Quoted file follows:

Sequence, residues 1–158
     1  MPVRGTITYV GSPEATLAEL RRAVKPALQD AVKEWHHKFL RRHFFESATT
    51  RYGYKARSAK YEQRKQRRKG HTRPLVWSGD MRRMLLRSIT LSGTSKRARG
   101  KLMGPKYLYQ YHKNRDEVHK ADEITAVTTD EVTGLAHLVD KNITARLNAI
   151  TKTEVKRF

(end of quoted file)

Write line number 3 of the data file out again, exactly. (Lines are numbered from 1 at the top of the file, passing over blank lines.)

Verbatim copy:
    51  RYGYKARSAK YEQRKQRRKG HTRPLVWSGD MRRMLLRSIT LSGTSKRARG